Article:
9. deadshot2

    deadshot2 NW Quadrant WA State Well-Known Member

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    Not if you use quality plated bullets. Speer GDHP's can be driven to max jacketed bullet speeds with no problems.

    The old cheapy "copper washed" bullets were another story. Berry's seem to be one of the better plated bullets.

    Why not contact the Bullet Mfr and ask them for load data. I've done this many times and usually they prefer to mail the info rather than e-mail.
     
  10. AMProducts

    AMProducts Maple Valley, WA Jerk, Ammo Manufacturer Silver Supporter

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    Speer GDHP's are usually plated much thicker than the .003" that most plated bullets get, they also usually start out with higher quality materials, where-as a lot of others start out with scrap lead. I don't know that berry's does this, as they usually have decent quality control, however companies like extreme tend to have highly variable quality, which is why I say keep the velocity low and you won't have a problem.
     
  11. Otter

    Otter Oregon - mid Willamette Valley Active Member

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    I would have contacted Berry's but I assumed someone else had already solved this equation. I don't think the Speer GDHP is a copper plated bullet...isn't it a jacketed bullet? I don't know that for sure but I wouldn't think their self defense ammo would be a plated bullet.

    If it really is a plated bullet I would default to that load, but it seems like a hefty max powder charge for a plated bullet. I ended up with with the same COAL as that bullet, as it has about the same dimensions, and went with a powder charge of 5.7 grains. I was loading 6.4 grains of Power Pistol with the 115 grain round nose flat base bullets and that was a nice load. If you never hear from me again things didn't turn out good with these hollow base 124 grain bullets.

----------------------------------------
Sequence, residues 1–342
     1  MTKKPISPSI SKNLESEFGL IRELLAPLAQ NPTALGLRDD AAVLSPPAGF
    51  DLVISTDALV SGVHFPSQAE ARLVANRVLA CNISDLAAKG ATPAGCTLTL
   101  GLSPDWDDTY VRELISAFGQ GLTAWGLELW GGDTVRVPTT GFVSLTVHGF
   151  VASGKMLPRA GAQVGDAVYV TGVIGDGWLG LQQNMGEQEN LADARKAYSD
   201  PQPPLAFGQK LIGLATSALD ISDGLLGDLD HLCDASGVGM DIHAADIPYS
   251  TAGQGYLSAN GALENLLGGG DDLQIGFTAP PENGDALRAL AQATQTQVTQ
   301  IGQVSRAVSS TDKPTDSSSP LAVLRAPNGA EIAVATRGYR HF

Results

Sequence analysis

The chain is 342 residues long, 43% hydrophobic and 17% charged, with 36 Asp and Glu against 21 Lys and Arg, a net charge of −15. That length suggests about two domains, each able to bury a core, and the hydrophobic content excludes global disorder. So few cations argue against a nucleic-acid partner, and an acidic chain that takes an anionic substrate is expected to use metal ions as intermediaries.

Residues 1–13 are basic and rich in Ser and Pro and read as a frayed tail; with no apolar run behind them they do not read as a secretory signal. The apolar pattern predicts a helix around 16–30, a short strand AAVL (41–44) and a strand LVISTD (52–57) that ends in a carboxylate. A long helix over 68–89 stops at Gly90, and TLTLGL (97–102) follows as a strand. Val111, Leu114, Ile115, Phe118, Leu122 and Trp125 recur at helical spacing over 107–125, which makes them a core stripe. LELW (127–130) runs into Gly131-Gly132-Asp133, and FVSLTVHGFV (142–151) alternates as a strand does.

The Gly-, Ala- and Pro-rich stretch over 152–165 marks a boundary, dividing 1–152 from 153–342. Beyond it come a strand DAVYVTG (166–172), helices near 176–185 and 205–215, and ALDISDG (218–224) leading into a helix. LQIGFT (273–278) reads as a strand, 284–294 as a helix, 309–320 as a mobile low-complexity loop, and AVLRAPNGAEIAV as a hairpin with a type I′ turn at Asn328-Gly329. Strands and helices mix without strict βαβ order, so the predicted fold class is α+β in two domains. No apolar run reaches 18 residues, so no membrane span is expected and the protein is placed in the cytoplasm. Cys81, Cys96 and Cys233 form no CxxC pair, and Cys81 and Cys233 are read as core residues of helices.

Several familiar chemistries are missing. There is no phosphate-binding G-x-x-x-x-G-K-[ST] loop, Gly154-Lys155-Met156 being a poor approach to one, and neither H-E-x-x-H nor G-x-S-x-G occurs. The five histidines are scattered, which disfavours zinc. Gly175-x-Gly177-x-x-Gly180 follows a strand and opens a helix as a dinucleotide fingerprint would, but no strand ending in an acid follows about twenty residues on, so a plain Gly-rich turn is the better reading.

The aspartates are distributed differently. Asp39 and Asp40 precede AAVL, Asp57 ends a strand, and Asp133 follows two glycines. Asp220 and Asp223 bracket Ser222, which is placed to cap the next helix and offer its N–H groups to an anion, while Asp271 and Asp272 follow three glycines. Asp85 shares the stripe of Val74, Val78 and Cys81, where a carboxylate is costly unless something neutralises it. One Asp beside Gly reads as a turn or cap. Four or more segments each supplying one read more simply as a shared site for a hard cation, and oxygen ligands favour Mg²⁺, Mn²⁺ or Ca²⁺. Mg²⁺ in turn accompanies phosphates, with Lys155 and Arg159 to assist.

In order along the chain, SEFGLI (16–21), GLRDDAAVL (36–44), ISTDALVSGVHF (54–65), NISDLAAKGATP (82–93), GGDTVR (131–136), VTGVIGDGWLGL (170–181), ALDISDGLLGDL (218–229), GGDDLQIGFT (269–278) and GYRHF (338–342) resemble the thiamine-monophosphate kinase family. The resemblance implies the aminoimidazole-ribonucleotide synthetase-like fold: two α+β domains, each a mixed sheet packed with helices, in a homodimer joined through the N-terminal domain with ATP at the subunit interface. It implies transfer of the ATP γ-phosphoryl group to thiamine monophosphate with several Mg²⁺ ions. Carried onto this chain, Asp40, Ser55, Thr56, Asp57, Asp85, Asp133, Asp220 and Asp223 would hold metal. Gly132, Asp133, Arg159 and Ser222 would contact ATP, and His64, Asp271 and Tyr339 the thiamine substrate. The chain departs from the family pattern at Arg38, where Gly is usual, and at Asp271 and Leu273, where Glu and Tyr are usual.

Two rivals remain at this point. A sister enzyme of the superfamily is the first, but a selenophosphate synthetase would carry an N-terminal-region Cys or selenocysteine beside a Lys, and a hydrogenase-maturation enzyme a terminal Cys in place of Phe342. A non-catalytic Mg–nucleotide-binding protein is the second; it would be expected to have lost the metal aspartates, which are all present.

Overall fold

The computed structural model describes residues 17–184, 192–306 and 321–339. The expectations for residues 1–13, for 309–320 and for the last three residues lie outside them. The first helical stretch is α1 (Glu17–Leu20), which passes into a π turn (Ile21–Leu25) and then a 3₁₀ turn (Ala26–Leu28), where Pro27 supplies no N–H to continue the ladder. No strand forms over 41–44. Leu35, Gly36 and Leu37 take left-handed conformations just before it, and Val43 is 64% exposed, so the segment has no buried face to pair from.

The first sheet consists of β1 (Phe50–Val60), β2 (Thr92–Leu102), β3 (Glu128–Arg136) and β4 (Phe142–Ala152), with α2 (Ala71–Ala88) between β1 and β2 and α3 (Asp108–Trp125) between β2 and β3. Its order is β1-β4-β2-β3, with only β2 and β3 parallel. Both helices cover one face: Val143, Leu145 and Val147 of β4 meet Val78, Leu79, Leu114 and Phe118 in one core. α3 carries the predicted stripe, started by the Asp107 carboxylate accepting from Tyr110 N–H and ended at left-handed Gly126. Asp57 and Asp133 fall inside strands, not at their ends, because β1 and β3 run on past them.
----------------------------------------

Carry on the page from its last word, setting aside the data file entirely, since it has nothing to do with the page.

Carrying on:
12. deadshot2

    deadshot2 NW Quadrant WA State Well-Known Member

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    The GDHP is plated as that's the most effective way to keep a jacket from separating from the core. Plating can be added for just about any thickness you want. The only reason the copper is there, plated or jacketed, is to keep the lead from melting or being stripped off the bullet and fouling the bore. As for Self Defense ammo? If a Plated bullet can do the job, why not? Beats "gluing or soldering" a bullet core into a copper jacket in order to keep it from fragmenting.
     
  13. nglayton

    nglayton Brooks Happiness is a warm barrel!

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    Contacting Berry's only gets you this from their website:

    FAQ: Load Data for Berry's Preferred Plated Bullets
    Currently published load data is limited to some calibers by Accurate, Western Powders and Hodgdon. We are working with these companies to get data published for all of our bullets.

    We recommend using hard cast load data or start with mid-range jacketed data. Make sure data is below 1250fps unless you are using a Thick-Plated bullet that we list a higher max velocity for like the 9mm 124gr HBRN-TP that can be shot to 1500fps in open class guns like a .38 Super. Keep in mind that since our plated bullet has the same pressure curve as a hard cast bullet, the published cast data will be very close to what you will get with our plated bullets. If you use Jacketed data with our plated bullets you can get from 5% - 8% increase in velocity using that data.

    Other than the data from Western and Accurate for the 9mm, .40S&W and Hodgdon .40S&W there is no printed data available.